"... marvelously memorable sets and lighting design are the work of Barbara de Limburg and Joël Adam, respectively." - Bachtrack

The orchestra, led by Sebastian Lang-Lessing, was really the star of the production, performing Humperdinck’s opulent neo-Wagnerian score with lyricism and accuracy. Lang-Lessing never overwhelmed the cast or let the pace flag." - The Seattle Times

"The excellent children’s chorus, prepared by chorusmaster Beth Kirchhoff, is surprisingly affecting as they emerge in a stupor from the Witch’s candied domain — giving opera fans a truly heartwarming finale." - The Seattle Times

"Too often, Humperdinck is glossed over as 'Wagner-lite', yet Lang-Lessing takes this music seriously on its own terms, with glorious results. The score's beautifully orchestrated textures were allowed to bloom and cast their enthralling spell and, in the final scene, joie de vivre." - Bachtrack 

Peter Marsh (The Witch). Jacob Lucas photo

Friday, October 21, 2016

Come trick-or-treat at the Opera!

Bill Mohn photo

"Family Day" at the Oct. 30 performance of Hansel & Gretel 

Start Halloween early by joining Seattle Opera for its Family Day presentation of Hansel and Gretel! This Oct. 30 performance of Engelbert Humperdinck’s masterpiece offers students age 18 and under $15 tickets for almost any seat.* During intermission, activities will include a costume dress-up station, crafts, interactions with costumed characters, and even trick-or-treating (just in time for Halloween!). Sunday, Oct. 30 will also offer an audio-described option for visually-impaired patrons (for more information, click here).

In this 21st century tale of temptation and excess, Hansel and Gretel live in a giant cardboard box set against a toxic sky, and when they go searching for their family, they get lost in a forest of dead trees and litter. After being captured, they must go head-to-head with a Witch, the one who presides over a free-for-all supermarket packed with high-sugar treats. There’s a happy outcome for all, save for the one intent on fattening up little children!

Bachtrack praised Hansel and Gretel as a production that “admirably and artfully layers in generous dollops of touching sentiment and outrageous humor.”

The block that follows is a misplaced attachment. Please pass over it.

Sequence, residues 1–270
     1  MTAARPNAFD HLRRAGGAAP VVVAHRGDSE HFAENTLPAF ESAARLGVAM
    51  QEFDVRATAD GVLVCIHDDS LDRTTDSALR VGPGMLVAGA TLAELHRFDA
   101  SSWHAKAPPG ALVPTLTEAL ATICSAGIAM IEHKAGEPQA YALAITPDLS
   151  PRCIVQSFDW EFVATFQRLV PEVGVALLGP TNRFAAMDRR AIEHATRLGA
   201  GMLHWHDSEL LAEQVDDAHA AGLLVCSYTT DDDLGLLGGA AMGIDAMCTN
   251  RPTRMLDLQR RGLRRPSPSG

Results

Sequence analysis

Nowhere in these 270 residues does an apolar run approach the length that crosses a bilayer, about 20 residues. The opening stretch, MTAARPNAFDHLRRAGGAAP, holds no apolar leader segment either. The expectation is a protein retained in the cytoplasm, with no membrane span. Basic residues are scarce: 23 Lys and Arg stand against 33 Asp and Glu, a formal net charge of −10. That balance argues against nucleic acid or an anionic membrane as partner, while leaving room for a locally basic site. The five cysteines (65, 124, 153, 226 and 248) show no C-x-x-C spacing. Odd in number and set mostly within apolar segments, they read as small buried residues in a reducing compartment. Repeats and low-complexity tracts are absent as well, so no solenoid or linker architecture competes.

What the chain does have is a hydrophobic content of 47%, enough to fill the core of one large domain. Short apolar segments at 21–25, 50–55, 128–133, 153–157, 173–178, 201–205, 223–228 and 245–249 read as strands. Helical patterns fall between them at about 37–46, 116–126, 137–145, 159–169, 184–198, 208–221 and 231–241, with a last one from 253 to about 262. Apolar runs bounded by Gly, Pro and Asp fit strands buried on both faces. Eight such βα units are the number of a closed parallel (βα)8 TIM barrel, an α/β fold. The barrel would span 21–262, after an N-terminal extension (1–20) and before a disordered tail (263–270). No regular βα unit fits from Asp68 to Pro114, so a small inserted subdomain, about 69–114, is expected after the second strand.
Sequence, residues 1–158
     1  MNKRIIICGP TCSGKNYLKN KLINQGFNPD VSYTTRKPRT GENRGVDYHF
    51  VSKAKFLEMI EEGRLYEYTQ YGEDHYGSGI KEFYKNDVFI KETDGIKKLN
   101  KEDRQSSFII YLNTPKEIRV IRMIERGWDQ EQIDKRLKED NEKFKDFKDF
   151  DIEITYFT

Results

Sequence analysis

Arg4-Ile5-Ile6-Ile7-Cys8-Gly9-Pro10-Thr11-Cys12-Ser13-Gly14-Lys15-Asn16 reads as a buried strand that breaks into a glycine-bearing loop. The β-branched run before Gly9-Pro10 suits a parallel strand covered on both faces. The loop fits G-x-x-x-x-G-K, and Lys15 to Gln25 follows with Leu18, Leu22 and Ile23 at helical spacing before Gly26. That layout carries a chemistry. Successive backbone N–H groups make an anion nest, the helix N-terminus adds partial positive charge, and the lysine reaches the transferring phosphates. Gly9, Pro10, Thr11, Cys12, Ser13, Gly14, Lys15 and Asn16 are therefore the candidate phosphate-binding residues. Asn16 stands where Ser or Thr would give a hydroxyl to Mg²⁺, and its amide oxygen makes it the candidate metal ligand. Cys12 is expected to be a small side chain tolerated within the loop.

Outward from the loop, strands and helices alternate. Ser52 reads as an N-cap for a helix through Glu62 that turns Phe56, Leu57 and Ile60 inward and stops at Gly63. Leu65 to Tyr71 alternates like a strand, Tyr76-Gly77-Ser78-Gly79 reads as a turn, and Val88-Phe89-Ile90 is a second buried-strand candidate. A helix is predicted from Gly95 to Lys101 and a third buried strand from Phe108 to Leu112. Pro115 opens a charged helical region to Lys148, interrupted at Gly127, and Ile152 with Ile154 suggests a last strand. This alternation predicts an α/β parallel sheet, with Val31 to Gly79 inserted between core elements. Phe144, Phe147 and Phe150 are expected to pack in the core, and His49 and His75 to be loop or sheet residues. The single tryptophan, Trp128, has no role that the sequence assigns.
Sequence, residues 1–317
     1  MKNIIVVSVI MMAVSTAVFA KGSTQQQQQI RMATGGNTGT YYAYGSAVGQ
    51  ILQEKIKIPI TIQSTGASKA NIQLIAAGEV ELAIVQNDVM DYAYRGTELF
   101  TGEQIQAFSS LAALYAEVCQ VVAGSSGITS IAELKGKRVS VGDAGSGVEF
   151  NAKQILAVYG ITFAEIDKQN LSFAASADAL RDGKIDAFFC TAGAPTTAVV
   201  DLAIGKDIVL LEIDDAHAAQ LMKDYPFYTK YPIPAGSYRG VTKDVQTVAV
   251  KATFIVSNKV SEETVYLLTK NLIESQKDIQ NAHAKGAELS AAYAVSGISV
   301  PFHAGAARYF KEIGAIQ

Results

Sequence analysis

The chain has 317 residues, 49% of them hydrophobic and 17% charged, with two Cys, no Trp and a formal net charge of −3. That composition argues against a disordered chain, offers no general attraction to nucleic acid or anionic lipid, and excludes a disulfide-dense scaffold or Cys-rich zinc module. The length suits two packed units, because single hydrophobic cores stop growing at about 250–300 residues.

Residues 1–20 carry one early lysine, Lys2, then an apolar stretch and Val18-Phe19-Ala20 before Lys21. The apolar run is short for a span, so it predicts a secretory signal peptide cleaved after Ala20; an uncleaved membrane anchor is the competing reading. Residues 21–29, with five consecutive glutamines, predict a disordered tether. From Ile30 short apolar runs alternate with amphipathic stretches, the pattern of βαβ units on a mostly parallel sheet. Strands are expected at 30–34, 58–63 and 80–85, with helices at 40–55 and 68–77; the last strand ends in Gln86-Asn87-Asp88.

*Family Day information: Please note valid student ID or proof of age is required for entry at the student Family-Day rate. At least one full price adult ticket must be purchased with EVERY student ticket order. Limit four $15 student tickets for each full price adult ticket purchased. Student tickets are not available in the Dress Circle, Orchestra Center Aisle, and $25 Second Tier seating sections.

Tickets & info:

Thursday, September 29, 2016


Listen to or read this downloadable podcast by General Director Aidan Lang. Hansel & Gretel comes to Seattle this fall in a compelling, whimsical, provocative production which should delight your eyes and ears and stimulate your imagination. French director Laurent Pelly’s contemporary interpretation of this famous German opera premiered at England’s Glyndebourne Festival in 2008, and has been a hit in a number of countries.

Hi, everyone, welcome to the podcast, this is Aidan Lang. Of course Hansel & Gretel is our opera up at the moment, so I’m going to be sharing some thoughts about this piece, a piece which I think has a lot more below than the surface than I think maybe we think from a cursory glance.

Monday, September 26, 2016

A trans story told through opera

As One offers music, story, and dialogue Nov. 11 – 19, 2016 at Washington Hall 

This fall, Seattleites can hear opera in a Central-District venue that once housed performances by Billie Holiday and Ella Fitzgerald. But the location isn’t the only new thing about Seattle Opera’s As One, which will be presented in the historic Washington Hall. As One, a chamber opera with only two singers, tells the story of Hannah, a transwoman, and her journey to self-understanding. The opera is meant to be both an experience, and a vehicle for meaningful conversation.